The inspector general for the CIA obtained a “legally protected email and other unspecified communications” between whistleblower officials and lawmakers related to alleged whistleblower retaliation. The CIA inspector general allegedly failed to investigate claims of retaliation against an agency official for helping the Senate intelligence committee with the production of their report on torture, according to McClatchy Newspapers.
CIA Inspector General David Buckley apparently got his hands on a copy of an email between Daniel Meyer, who is the top official for whistleblower cases in the “intelligence community,” and Republican Senator Chuck Grassley, who has a record of legislative action on whistleblower issues.
According to McClatchy journalists Marisa Taylor and Jonathan Landay, “Meyer’s email concerned allegations that Buckley failed to thoroughly investigate a whistleblower retaliation claim.”
“The retaliation allegedly involved delays by the CIA in paying the legal fees of CIA officials who cooperated with the Senate committee. An indemnification agreement required the agency to cover those costs – which it eventually did – as long as the officers weren’t found to have committed any wrongdoing,” the two McClatchy journalists reported.
Unnamed sources told McClatchy that Buckley went to I. Charles McCullough III, who is the inspector general for the Director of National Intelligence and Meyer’s boss. This would appear to be a clear “violation of the confidentiality of the whistleblowing process.”
As noted in the story, “If government officials outside an inspector general’s office accessed such communications, they could discover whistleblowers’ identities and retaliate against them by targeting them as security risks known as ‘insider threats.'”
While it is unknown why exactly the CIA intercepted this communication, Meyer happens to work for McCullough in a “facility whose email network is part of the CIA’s system.” This fact alone would seem to enable the CIA to search through communications related to oversight, which it should not be able to access.
Also, the interception probably occurred because it was caught by the “Insider Threat” program. The program was adopted throughout government in the aftermath of military whistleblower Chelsea Manning’s disclosures of hundreds of thousands of previously classified documents to WikiLeaks.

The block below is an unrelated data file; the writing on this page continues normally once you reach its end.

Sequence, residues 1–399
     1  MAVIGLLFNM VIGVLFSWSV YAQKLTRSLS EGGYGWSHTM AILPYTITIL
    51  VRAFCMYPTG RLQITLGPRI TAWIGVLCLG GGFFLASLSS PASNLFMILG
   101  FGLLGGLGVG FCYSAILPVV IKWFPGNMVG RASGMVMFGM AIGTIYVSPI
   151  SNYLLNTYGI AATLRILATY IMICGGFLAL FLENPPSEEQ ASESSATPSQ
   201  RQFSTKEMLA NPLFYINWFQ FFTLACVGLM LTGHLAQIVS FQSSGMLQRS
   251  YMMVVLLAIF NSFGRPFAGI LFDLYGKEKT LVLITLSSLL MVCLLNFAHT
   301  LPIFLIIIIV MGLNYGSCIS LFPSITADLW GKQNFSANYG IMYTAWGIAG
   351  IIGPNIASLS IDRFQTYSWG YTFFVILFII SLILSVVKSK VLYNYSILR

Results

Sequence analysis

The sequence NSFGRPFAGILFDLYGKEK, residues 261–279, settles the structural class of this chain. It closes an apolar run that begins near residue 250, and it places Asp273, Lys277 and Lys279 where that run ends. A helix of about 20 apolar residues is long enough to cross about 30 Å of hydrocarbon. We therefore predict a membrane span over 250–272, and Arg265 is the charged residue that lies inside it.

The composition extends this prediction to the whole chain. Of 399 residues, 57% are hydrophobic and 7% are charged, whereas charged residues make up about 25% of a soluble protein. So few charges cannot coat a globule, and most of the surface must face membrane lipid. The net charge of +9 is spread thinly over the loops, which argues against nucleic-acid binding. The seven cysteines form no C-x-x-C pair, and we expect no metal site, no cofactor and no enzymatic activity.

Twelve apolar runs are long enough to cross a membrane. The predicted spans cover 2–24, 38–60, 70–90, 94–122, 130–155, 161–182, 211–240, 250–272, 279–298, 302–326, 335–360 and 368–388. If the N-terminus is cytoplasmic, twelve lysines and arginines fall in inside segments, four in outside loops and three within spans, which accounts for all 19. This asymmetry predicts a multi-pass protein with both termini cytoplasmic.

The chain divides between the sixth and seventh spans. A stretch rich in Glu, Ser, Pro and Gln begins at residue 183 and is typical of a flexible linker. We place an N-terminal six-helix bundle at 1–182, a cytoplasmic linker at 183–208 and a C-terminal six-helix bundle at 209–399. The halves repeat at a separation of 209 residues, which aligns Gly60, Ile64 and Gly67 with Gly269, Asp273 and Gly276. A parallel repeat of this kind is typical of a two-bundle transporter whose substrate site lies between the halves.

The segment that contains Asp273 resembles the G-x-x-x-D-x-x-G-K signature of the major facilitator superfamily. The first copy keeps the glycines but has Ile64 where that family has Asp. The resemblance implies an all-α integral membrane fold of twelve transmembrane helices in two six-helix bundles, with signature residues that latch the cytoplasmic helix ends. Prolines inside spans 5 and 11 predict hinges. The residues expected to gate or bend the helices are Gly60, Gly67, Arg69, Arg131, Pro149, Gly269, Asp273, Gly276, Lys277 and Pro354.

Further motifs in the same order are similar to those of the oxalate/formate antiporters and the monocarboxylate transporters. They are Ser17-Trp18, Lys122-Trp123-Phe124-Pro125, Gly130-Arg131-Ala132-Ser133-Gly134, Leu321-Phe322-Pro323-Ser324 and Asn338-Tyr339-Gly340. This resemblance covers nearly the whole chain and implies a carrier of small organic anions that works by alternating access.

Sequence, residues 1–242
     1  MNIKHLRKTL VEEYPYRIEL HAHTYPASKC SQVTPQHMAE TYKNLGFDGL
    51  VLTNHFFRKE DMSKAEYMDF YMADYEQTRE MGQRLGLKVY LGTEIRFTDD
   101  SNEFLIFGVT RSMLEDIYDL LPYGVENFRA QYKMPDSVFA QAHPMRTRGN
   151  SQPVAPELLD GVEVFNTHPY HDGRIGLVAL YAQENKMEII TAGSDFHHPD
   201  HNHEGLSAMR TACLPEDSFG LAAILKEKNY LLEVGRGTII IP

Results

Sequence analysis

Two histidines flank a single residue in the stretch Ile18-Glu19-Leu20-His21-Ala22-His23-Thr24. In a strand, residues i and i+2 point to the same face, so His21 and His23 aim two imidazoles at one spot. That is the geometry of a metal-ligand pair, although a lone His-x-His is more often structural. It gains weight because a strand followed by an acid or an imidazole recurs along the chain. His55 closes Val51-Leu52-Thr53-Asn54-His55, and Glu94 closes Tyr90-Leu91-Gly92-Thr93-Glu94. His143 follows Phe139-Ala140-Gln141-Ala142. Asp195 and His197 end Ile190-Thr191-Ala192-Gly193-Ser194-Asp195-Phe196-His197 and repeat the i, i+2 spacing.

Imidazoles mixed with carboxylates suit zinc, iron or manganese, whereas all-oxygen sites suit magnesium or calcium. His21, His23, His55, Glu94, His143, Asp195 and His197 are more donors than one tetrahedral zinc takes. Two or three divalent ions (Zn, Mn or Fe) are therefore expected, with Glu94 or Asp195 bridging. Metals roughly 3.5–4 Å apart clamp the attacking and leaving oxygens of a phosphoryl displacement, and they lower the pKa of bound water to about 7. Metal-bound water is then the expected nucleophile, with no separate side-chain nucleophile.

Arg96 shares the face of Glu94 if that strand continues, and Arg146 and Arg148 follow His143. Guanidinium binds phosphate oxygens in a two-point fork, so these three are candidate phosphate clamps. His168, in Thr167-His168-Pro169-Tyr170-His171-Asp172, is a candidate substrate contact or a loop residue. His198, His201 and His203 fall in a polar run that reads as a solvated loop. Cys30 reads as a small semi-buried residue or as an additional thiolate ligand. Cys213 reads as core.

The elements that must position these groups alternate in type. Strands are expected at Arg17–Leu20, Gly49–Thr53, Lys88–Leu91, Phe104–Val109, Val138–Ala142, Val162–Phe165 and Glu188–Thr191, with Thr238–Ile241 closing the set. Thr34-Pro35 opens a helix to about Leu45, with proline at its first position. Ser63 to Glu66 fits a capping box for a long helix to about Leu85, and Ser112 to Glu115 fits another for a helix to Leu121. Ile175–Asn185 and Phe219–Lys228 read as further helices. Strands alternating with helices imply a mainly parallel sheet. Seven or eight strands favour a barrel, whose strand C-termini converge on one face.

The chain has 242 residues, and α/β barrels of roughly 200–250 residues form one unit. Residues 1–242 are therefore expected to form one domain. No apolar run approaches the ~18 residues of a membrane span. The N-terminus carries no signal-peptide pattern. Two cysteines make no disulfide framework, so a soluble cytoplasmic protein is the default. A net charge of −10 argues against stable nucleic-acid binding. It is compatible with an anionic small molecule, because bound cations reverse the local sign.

McClatchy has exposed the “Insider Threat” program as a system that is sweeping in its capabilities. Any “unauthorized disclosures of any information, not just classified material,” can be targeted. It encourages federal employees and contractor to be suspicious of each other and watch for “high-risk persons or behaviors.” Failure to report on suspicious activity could result in penalties. Plus, the program equates leaks to the media with espionage.
The program keeps profiles of “Disgruntled Employees” and “Insider Threats.” What is there to stop officials from using these profiles to target whistleblowers?
Director of National Intelligence James Clapper is also overseeing the expansion of a system that would make it possible to conduct total surveillance of all security clearance holders. The development is in response to NSA whistleblower Edward Snowden’s disclosures on top secret dragnet surveillance programs.
Clapper has said, “What we need is — and this is, I think, pretty much recognized — is a system of continuous evaluation where when someone is in the system and they’re cleared initially, then we have a way of monitoring their behavior, both their electronic behavior on the job as well as off the job to see if there is a potential clearance issue.”
Both Grassley and Democratic Senator Ron Wyden expressed concern about surveillance of employees in a letter to Clapper on June 18.